A few years ago when I was applying for a job and got hired, the manager of the store asked me for two forms of ID. I said I would have to come back with my passport because I only had my driver’s license on me. He asked me why I didn’t just give him my social security card, and I responded with the blankest of blank stares.
I know my social security number, but I’ve never even seen the card, never mind carrying it around in my wallet. I believe my parents have had it locked up in a safe deposit box since I was born. This seems natural to me, as it’s a pretty valuable document–it would be a horrible pain to go through replacing it, and why take the risk when other forms of identity have to be carried around for stuff like driving anyway?
So, two questions: first of all, is it really that common for people to carry their social security cards around with them?
Second, is there any reason for me, personally, to get my SS card from my parents and keep it somewhere more easily accessible? Any identification process that will not be satisfied with my driver’s license, passport, and/or birth certificate?
Yes, lots of people seem to carry their social security cards with them. People tried to hand them to me all the time as “second ID” to get a Blockbuster card. This despite the fact that there’s a clearly written warning on the card that your SS card punches out of NOT to carry it with you, but to keep it in a secure location, like a safe deposit box.
For what it’s worth, it’s not that hard to get a replacement card. I’d keep it safe where it is (assuming you have access to the box in case of godforbid something happening to your parents). Even then, it’s not such a big deal. A trip to the Social Security office with a driver’s license and birth certificate will get you a new one in two weeks.
Some SS cards have the phrase “not for identification purposes” printed on them.
There’s various “protections” and rules about who can ask for your number or card, but hey, unless you have lots of time on your hands and are really into reading government regulations, just carry the card and produce it if it seems like a legitamate request.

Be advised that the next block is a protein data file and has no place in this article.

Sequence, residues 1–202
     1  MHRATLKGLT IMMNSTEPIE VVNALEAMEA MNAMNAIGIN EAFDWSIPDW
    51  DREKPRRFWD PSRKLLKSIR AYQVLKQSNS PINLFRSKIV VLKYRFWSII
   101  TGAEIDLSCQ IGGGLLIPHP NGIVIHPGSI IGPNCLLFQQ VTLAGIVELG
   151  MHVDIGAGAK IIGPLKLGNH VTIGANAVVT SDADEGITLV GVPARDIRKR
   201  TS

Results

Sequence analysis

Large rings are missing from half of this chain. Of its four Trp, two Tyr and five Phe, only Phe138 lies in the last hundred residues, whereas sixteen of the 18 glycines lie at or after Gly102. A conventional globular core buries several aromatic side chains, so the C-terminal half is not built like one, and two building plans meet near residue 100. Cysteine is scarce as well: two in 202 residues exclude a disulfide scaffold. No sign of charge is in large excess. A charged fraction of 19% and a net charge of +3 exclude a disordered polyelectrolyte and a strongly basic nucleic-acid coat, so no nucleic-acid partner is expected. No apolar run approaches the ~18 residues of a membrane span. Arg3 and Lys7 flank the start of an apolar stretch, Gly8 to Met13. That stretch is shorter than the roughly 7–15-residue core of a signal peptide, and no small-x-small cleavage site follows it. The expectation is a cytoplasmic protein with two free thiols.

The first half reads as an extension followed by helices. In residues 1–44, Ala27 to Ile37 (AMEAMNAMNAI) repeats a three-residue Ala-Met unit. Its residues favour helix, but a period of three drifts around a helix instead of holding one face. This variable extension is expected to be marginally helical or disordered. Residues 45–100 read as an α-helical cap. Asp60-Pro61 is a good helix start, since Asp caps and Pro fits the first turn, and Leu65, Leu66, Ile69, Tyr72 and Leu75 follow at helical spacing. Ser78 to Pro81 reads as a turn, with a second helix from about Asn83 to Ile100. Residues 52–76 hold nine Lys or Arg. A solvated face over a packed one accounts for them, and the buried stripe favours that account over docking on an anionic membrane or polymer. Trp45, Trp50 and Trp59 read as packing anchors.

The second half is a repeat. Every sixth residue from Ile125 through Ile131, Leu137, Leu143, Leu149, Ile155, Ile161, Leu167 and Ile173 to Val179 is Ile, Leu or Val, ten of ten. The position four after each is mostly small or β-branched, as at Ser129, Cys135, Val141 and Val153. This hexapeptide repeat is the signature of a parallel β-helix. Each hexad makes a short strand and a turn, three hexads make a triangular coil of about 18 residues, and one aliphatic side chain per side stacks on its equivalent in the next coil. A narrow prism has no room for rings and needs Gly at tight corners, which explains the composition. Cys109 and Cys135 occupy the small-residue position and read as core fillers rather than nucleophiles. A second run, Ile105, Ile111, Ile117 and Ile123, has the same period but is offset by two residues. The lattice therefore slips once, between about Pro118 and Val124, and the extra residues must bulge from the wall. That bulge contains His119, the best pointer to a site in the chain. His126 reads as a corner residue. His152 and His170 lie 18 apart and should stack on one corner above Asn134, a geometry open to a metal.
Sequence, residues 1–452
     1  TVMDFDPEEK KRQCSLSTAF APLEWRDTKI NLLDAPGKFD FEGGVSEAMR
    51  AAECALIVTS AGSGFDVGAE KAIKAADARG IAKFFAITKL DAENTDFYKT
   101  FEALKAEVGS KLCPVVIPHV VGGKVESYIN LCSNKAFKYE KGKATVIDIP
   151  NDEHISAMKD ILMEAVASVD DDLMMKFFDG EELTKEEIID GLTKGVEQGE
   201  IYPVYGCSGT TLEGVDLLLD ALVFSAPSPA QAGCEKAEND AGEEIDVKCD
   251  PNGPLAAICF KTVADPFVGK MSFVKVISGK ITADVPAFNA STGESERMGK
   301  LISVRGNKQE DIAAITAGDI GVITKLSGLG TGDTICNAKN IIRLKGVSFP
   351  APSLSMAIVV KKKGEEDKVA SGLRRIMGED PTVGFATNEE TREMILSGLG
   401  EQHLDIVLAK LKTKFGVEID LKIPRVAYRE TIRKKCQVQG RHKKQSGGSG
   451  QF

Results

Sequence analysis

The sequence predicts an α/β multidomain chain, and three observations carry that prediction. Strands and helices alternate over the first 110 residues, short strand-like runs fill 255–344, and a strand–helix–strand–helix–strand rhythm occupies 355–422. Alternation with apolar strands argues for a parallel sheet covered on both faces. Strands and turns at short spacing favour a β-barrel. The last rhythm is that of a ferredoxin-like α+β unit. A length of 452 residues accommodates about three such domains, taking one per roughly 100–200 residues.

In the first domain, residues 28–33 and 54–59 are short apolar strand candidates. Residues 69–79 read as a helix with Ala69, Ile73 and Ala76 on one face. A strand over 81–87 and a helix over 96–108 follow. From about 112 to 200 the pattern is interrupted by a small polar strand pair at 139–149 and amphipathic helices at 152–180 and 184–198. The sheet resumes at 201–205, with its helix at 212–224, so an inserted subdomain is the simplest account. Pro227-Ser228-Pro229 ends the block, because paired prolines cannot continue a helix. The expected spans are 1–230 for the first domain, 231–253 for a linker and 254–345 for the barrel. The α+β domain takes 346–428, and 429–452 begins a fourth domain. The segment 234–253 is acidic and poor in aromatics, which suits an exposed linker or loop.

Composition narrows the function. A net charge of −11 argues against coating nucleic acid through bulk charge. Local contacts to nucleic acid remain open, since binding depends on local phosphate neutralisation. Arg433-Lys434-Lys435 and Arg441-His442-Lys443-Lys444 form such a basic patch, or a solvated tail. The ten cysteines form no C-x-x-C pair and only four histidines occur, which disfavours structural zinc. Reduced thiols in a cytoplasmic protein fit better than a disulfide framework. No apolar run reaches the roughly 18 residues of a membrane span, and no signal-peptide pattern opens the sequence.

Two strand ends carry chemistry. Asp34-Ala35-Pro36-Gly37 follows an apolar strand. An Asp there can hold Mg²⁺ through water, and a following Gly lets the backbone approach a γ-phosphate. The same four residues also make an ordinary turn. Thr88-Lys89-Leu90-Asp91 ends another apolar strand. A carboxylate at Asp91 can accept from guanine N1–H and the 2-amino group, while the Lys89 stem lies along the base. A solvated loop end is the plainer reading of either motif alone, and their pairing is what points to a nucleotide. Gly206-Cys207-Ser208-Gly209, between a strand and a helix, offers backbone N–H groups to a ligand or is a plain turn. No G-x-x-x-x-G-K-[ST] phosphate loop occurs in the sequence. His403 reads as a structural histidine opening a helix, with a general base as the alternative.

When you are hired for a new job, the employer is required to fill out IRS form I-9, to verify your identification and employability. To do this, they need to see either a passport, which verifies both categories, or two separate forms of ID – one to verify identity, such as a Drivers License or other government issued picture ID and one to verify employability, such as a SS card, birth certificate, “green card”, etc. Drivers license and SS card are the most common combination.
Since I recently started a new job, I dug out my SS card and stuck it in my wallet on the first day of work, and I haven’t gotten around to taking it out again. I need to remember to do that.
I HAD my original SS card issued the first year they came into existence. At the time, circa 1935 it was emphatically declered by the gov’t that they would NEVeR be used for ID. But that did change.
At the time I earned $.90 twice a week for the magnifigant sum of 1.80 from which IIRC 2 cents was deducted for SS tax. I had a helper who got .30 2x/wk or $/60 and I netted the $1.78. For an 8th or 9th grader that was a neat sum!
P.S. Just wait till you get an implanted RID chip!
It was a kid’s job delivering a 2x/wk advertising paper to each and every apartment/house back door in a four city block area. Each paper had to be rolled/folder and rubberband applied. Then stuck in the screen door handle or stuck between the knob and jamb with the rubber band over the knob. Make it easy for the resident to get the paper in hand readily. About a 2 1/2 to 3 hours for 2 kids.
My dad drove to IA from n.e. IL and gas in IA was 5 cents due to a local price war.
Rode the Burlington RR one time when it stopped in IL and everyone got off and picked a watermelon.